German-based consultancy ecoprog says approximately three million tonnes of new European energy-from-waste capacity will go online this year with about 50% coming from the UK.
In a report, released on 25 August, researchers found overall plant development in Europe was strong but still down from 2000, when five million tonnes of capacity was commissioned.
Researchers called the British market ‘dynamic’ and also highlighted planned incineration capacities due in France, a market which the reports says had been stagnate for many years.
Eastern Europe is growing demand for refuse-derived fuel (RDF) fired plants, says the report. While the potential for an EU-wide landfill ban in 2020 could further stimulate the EfW market in southern and eastern Europe.
While the facilities market remains strong in Europe the technology market is recovering at a slower rate, according to the report, and could face increased competition from Asia-based business in the near future.
In late 2014, almost 200 plants with a capacity of more than 60 million annual tonnes were active in China. Back in 2000, there were only six operational. No other country in the world is currently incinerating more waste.
There will be another 35 Chinese facilities commissioned by the end of 2015 which will increase the overall capacity to almost 75 million annual tonnes. However, the country’s current five-year plan will expire in late 2015 and the goal of expanding waste incineration to 112 million annual tonnes will not be reached, making future expansion likely.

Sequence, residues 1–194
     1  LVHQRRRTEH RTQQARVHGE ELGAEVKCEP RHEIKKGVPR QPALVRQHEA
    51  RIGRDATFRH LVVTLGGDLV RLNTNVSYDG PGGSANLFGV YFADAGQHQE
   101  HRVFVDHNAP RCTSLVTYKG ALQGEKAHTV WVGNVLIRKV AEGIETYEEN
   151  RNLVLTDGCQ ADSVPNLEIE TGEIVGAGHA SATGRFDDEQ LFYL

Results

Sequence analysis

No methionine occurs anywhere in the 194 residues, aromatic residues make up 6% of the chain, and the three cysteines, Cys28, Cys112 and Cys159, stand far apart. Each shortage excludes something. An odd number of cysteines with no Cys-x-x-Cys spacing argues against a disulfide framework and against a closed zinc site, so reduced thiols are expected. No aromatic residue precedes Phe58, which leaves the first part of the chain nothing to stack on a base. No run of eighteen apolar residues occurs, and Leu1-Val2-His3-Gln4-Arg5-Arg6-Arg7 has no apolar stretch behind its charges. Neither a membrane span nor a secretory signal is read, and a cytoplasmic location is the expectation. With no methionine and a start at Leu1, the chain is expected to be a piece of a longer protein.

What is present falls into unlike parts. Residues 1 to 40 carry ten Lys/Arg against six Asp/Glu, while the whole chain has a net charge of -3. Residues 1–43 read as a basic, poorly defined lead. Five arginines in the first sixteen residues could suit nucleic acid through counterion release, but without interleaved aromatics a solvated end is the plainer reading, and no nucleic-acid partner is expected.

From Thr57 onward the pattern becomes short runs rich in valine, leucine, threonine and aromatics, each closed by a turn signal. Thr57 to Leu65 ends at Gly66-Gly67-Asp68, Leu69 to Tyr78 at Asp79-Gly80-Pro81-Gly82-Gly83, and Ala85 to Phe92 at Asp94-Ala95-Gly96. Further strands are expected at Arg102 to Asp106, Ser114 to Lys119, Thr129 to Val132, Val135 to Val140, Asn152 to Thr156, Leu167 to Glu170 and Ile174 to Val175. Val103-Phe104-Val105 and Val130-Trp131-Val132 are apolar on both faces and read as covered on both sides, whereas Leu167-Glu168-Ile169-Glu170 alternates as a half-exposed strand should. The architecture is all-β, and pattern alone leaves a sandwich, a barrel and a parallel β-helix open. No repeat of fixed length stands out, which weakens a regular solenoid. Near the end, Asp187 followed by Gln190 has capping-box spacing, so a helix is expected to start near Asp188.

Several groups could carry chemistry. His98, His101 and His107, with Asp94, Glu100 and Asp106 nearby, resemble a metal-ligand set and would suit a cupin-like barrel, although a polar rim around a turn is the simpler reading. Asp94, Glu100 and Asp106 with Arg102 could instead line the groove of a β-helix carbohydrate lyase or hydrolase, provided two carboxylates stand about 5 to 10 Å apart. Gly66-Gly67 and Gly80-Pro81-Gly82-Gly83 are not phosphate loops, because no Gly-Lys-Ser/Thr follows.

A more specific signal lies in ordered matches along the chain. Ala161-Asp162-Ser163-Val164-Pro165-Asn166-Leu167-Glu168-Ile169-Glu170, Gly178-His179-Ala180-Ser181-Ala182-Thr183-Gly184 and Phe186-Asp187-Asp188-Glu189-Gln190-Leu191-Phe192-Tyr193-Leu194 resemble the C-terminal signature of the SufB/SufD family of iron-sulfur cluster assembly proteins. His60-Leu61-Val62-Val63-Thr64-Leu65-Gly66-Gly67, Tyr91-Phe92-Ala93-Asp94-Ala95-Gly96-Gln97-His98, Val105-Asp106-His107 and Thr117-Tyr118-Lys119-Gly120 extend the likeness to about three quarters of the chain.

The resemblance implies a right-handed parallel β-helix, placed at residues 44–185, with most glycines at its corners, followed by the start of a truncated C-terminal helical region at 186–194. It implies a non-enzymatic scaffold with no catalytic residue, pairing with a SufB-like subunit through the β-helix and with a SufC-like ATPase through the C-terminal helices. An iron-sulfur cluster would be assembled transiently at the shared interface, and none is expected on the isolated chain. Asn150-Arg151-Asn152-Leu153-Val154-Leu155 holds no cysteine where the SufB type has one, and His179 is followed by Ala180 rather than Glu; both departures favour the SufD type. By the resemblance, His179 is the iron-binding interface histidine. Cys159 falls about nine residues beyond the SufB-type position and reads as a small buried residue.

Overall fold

However, the research also finds development outside Asia and Europe will continue to be ‘modest’ at best. Reforms to Brazil’s waste market, agreed in 2010, could have led to more facilities being built but ‘sluggish’ implementation has held this back.
In the US, where EfW plants are not only struggling with low landfill costs but also with low electricity prices, the number of incineration plants is actually decreasing, the report finds.
Globally, there are more than 2,200 operational EfW plants throughout the world, with an installed treatment capacity of about 280 million tonnes of waste per year. Within the next 10 years, approximately 550 new plants with a capacity of about 150 million annual tonnes are due.